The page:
A PREVIOUSLY unseen £2m painting has been saved for the nation after being acquired by Oxford’s Ashmolean museum.

The Beaumont Street museum has been given an 18th century painting of Venice by Italian painter Francesco Guardi.

It has been acquired thanks to the Arts Council England’s Acceptance in Lieu of Inheritance scheme. Dating back to around 1758, the painting was created for a British tourist and shows Venice’s lagoon and the Island of San Michele.

Professor Christopher Brown, the director of the Ashmolean, said: “This painting brings to the Ashmolean a poetic masterpiece in which Francesco Guardi reveals his full artistic potential.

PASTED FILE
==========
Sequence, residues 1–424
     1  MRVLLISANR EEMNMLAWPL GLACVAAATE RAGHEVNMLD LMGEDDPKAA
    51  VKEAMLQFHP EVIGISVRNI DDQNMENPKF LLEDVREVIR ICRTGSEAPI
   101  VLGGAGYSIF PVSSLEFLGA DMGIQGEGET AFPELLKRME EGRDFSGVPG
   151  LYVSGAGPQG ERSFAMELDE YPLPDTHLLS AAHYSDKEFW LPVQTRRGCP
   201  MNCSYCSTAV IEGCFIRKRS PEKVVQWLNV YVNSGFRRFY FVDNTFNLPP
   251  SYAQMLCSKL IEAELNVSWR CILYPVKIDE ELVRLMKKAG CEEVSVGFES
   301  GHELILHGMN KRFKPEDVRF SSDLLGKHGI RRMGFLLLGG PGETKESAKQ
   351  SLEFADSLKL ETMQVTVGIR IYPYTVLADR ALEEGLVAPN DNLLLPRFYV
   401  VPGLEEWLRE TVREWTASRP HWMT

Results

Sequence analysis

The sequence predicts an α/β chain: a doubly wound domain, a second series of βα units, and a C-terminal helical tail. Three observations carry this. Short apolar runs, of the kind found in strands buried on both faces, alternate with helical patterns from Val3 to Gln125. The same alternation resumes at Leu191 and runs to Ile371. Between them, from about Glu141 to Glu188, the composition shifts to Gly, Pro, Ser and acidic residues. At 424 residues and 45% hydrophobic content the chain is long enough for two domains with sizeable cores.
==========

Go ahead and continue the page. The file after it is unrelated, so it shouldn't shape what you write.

“As the first major Venetian view-painting to enter the museum’s collection it makes an inspirational addition to the Britain and Italy Gallery.”

Born in 1712, Francesco Guardi painted altar-pieces and devotional works, but is best known for his views of Venice.

Sir Peter Bazalgette, chairman of the Arts Council England, said: “Many members of the public will now have the chance to view and interpret this important piece at the Ashmolean when its fate could very easily have meant that is was lost forever from history.”

The painting has also been acquired in lieu of £1.9m of inheritance tax with additional funds coming from the Art Fund and contributions in memory of Jo Wilson and from the Sir Denis Mahon Charitable Trust.